allergic and autoimmune diseases, obesity, raynaud’s syndrome, fatigue, exhaustion, seemingly causeless pains, exaggerated tension and muscle stiffness, adrenal insufficiency, cardiovascular problems, dizziness, drowsiness, tachycardia, fainting spells, hypotension, high pulse, problems with breathing like shortness of breath, bladder problems (irritable bladder, not being able to urinate but feeling like you have to constantly…), any digestive problems (nausea, heartburn, insufficient gastric acid, constipation, poor absorption of nutrients, diarrhea, candida, SIBO; food intolerances manifest…), heavy sweating or no sweating at all, heat and cold intolerance, difficulty regulating body temperature, cold hands and feet, multiple chemical sensitivity (MCS), alteration of sensory perception such as sense of smell, sense of sight or sense of hearing (exaggerated perception or z.B. episodes of visual disturbances, tinnitus), sleep disorders, blood sugar regulation disorders, skin manifestations and diseases (neurodermatitis, acne, psoriasis, rosacea…), headaches, mental and cognitive problems such as anxiety disorders, depression, concentration problems, ADHD, autism, bipolar disorder, aggression, alzheimer’s disease, tendency to addictions, sexual disorders, hyperacidity, general weakness or feeling of illness, susceptibility to infections. ..

Do not many of these symptoms seem familiar to you from the side of the histamine intolerance and mast cell activity disorder (MCAS)? In my opinion MCAS overlaps strongly with the field of dysautonomia, respectively. The two disease spectra can be mutually dependent, respectively. Are part of the same spectrum.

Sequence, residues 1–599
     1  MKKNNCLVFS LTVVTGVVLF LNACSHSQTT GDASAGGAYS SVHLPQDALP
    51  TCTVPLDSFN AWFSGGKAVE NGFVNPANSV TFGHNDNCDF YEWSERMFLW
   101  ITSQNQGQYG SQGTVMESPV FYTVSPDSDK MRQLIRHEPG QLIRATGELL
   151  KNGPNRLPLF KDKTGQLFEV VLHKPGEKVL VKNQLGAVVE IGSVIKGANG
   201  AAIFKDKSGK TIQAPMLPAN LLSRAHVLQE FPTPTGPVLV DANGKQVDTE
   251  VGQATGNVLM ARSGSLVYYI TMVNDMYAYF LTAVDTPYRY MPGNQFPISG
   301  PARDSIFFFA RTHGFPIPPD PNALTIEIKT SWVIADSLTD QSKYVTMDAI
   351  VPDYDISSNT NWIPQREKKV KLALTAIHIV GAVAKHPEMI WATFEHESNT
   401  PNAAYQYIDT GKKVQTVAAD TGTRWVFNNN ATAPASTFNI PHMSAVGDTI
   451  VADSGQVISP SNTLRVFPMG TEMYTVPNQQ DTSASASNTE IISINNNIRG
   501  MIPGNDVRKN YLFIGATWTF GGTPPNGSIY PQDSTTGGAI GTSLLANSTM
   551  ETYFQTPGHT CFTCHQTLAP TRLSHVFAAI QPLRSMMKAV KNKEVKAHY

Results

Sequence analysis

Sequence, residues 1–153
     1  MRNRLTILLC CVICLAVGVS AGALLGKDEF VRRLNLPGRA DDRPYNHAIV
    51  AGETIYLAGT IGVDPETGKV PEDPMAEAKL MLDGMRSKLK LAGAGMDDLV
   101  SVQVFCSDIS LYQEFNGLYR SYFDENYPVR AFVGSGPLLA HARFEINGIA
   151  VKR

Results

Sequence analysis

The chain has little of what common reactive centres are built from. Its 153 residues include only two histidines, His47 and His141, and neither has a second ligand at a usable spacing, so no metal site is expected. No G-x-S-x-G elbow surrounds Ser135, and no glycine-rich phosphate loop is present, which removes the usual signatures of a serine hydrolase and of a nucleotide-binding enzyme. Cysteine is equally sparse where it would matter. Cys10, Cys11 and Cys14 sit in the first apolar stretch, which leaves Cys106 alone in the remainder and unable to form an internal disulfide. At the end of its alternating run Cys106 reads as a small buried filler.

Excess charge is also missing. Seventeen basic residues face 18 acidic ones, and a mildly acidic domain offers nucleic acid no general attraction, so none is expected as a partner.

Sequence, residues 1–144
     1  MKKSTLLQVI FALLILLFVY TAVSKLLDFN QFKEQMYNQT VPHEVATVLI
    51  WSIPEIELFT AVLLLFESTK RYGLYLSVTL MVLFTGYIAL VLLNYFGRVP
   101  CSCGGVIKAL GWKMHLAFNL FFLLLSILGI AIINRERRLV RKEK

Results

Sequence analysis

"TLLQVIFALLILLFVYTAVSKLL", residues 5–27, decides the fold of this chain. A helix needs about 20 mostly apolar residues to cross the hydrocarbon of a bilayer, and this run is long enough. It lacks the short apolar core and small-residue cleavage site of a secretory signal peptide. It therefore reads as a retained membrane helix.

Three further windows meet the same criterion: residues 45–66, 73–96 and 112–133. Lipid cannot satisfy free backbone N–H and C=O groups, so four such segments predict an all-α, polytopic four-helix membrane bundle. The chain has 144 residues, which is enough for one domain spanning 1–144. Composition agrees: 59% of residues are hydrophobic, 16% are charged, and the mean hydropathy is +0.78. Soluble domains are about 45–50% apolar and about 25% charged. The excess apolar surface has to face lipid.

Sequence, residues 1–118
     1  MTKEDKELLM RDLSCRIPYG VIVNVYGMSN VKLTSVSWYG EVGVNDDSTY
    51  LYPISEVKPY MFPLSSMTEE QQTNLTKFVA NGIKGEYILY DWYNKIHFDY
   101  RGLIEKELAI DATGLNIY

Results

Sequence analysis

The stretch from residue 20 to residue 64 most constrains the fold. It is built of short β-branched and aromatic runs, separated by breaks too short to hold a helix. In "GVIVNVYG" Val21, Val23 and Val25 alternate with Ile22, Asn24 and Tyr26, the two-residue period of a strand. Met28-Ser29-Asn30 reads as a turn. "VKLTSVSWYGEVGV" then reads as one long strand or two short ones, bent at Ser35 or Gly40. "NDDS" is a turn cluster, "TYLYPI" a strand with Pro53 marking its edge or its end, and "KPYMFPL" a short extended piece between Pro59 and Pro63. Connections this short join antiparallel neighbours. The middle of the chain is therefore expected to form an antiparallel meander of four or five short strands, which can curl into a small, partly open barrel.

Read here how chronic inflammation and mast cells are involved in neurological and cognitive disorders.

It is a spectrum

As with all chronic diseases, we are dealing with a spectrum here. Usually the symptoms start insidiously and sporadically, often after a long or intense period of stress or a stroke of fate, are somewhat unpleasant, but not yet anything that can lead to a medical diagnosis. Untargeted treatment attempts with medications and diets and untreated life stressors then lead to a gradual aggravation that can seriously affect the quality of life of the affected person.

patients affected by dysautonomia symptoms are usually very sensitive to stimuli and stressors, including z.B. Caffeine, alcohol, temperature fluctuations, dehydration, certain medications, positive and negative excitement… what can trigger symptoms?. Here again we find an overlap with MCAS, which is logical because mast cells activated by stress hormones and neurpeptides secreted from nerve endings.

The problems can affect any organ system because each organ is innervated by the autonomic nervous system, as you can see in the diagram.

Dysautonomia - when the autonomic nervous system gets out of balance

The individual organs and systems gradually become overloaded, symptoms occur, although from the blood values and other examinations (e.g.B. colonoscopy) everything is in order. glands start to become exhausted or suppressed (like the thyroid, the pancreas, the adrenal cortex), immune cells are suppressed or overactivated, our hormones get mixed up, detoxification and tissue regeneration as such hardly take place, as this can only happen in the parasympathetic nervous system, we suffer from constant muscle tension (tonus), our sleep suffers noticeably, or we think we sleep well, but no longer get into deep sleep, with all the negative consequences for the body. We feel out of balance and become more susceptible to bad habits, driving our health further into a downward spiral.